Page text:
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Publication Title | ADAPTING OF AUTOMOBILE VW GOLF FOR USING PURE RAPESEED OIL AS FUEL

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ENGINEERING FOR RURAL DEVELOPMENT Jelgava, 28.-29.05.2009.
ADAPTING OF AUTOMOBILE VW GOLF FOR USING PURE RAPESEED OIL AS FUEL
Ilmars Dukulis, Aivars Birkavs, Gints Birzietis, Vilnis Pirs
Latvia University of Agriculture
Ilmars.Dukulis@llu.lv, Aivars.Birkavs@llu.lv, Gints.Birzietis@llu.lv, Vilnis.Pirs@llu.lv
Abstract. The use of straight vegetable oil in diesel engines is one of the available alternatives nowadays how to introduce in practice the EU biofuel Directive with a target of 5.75 % biofuels in 2010, but it usually requires modification of the engine or fuel system components. This article presents adapting of automobile VW GOLF for using pure rapeseed oil as a fuel. The car was modified using the ELSBETT one-tank conversion kit, and the first exploitation tests were carried out in winter time when the air temperature reached -7 °C. Starting the engine and driving in such weather conditions did not cause any problems. Fuel consumption was estimated in two different routes – in intensive traffic conditions in Jelgava city and outside the urban area. The first test results show that pure rapeseed oil fuel consumption is slightly behind fossil diesel, but quite significantly overtakes biodiesel. The modified diesel engine was successfully operated not only with rapeseed oil, but also with fossil diesel and biodiesel, and with various mixtures of these fuels. Analyses of rapeseed oil manufactured in Latvia were performed in Latvia and Germany. They showed that in order to avoid problems of using this oil as a fuel is substantially to control the quality of seeds and pressing process regimes.
Keywords: biofuels, straight vegetable oil (SVO), rapeseed oil, fuel consumption, one-tank system Introduction
Rapidly growing interest in biofuels is being spurred by the realization that they represent only a large near-term substitute for the petroleum fuels that provide more than 95% of the world’s transportation energy. Today, the question is not whether renewable biofuels will play a significant role in providing energy for transportation, but rather what the implementations of their use will be – for economy, for the environment, for global security, and for the health of societies.
The liquid biofuels most widely used for transport today are ethanol and biodiesel, which can both be used in existing vehicles where ethanol is blended with gasoline and biodiesel is blended with conventional diesel fuel. The use of straight vegetable oil (SVO) and pure biodiesel in diesel engines as well as neat bioethanol in spark-ignition engines are other available alternatives nowadays, but they may require modification of the engine or fuel system components.
Due to SVO relatively high viscosity (approximately 12 times higher than ordinary diesel), using SVO in unmodified engines can result in poor atomization of the fuel in the combustion chamber, incomplete combustion, cooking of the injectors, and accumulation of soot deposits in the piston crown, rings and lubricating oil [1]. In order to run on SVO, these engines must either be refitted (often by attaching a mechanism for pre-heating oil), or they must be dedicated engines, such as the Elsbett engine [2]. Vehicle manufacturers generally will not warranty their engines for operation with SVO. Moreover, development of modern engines has led in the direction of increased electronic engine and combustion control systems, which are generally not compatible with operation using SVO. If SVO is to be used in conjunction with diesel in a dual-fuel mode, necessary modifications include an additional fuel tank for SVO, a system to allow for switching between the two fuels, and a heating system for the SVO tank and lines if the vehicle operates in low temperatures. Under this configuration, the engine started on diesel and switched over to SVO as soon as it is warmed up. It is then switched back to diesel shortly before being turned off to ensure that it contains no SVO when it is restarted. Another alternative is to use SVO exclusively. Modifications would include an electric pre-heating system for the fuel (including lines and filters), an upgraded injection system, and the addition of glow plugs in the combustion chamber since vegetable oil is not highly flammable. The modification can be expensive, reaching a cost of € 2 000 or more [1].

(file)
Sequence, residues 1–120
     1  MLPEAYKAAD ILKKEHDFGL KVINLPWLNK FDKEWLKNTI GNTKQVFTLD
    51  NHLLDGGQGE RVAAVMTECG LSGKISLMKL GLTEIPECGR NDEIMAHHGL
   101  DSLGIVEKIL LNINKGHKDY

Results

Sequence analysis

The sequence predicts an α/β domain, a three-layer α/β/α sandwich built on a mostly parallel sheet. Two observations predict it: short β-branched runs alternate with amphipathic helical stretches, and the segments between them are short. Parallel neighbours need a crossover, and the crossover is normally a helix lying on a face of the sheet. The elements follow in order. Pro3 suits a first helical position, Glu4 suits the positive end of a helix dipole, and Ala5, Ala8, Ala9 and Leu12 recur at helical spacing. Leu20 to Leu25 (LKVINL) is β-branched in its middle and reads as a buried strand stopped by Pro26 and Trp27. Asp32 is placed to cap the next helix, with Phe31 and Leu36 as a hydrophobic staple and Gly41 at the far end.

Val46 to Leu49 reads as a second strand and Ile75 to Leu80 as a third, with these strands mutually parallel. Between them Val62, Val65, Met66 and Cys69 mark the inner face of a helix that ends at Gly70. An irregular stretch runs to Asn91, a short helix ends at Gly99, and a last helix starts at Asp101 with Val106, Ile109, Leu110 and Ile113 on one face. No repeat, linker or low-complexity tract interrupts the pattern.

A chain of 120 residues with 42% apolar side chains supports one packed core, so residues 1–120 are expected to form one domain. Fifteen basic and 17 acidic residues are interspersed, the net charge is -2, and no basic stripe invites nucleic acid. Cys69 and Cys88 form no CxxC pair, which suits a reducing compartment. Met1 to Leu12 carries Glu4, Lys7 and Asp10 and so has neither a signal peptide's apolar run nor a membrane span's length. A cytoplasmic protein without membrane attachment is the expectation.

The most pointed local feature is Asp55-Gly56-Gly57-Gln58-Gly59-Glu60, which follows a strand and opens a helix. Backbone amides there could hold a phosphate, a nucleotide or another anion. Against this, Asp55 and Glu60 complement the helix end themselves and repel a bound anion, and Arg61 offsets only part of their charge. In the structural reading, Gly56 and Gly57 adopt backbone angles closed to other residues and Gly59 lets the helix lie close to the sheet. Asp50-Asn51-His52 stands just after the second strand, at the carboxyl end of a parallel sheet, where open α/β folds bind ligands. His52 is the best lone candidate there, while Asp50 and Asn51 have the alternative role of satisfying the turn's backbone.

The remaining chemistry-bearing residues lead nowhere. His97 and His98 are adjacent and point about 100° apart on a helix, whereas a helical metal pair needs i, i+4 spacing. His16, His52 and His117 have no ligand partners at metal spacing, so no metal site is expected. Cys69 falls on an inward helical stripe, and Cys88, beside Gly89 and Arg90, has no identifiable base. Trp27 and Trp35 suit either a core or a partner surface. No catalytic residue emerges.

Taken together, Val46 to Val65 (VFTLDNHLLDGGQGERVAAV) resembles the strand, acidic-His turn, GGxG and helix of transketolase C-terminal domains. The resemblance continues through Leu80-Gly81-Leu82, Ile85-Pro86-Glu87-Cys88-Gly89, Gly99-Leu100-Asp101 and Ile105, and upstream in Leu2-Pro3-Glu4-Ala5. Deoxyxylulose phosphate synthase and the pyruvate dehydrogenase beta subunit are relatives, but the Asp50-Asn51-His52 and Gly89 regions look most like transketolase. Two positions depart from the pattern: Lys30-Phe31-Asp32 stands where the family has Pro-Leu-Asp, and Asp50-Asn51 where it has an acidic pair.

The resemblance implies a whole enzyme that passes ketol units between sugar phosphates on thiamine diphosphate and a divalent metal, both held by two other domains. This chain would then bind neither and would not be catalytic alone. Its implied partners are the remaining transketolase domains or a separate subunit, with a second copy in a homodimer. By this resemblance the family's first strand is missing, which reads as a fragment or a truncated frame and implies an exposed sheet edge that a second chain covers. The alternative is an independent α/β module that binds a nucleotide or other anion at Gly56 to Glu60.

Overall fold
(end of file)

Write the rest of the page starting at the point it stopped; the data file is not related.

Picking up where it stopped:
The EU biofuels market, under the biofuels Directive with an extrapolated target of 20 % biofuels in 2030 [3], has been modelled with the BIOTRANS model with the aim to conduct quantitative analyses on the production and costs of biofuels, and on the resulting market structure and supply chains. According to the BIOTRANS analysis, of the conventional biofuels PVO proves to be the lowest cost option compared to biodiesel and bioethanol, even with the necessary cost of vehicle adaptation (Table 1) [4].
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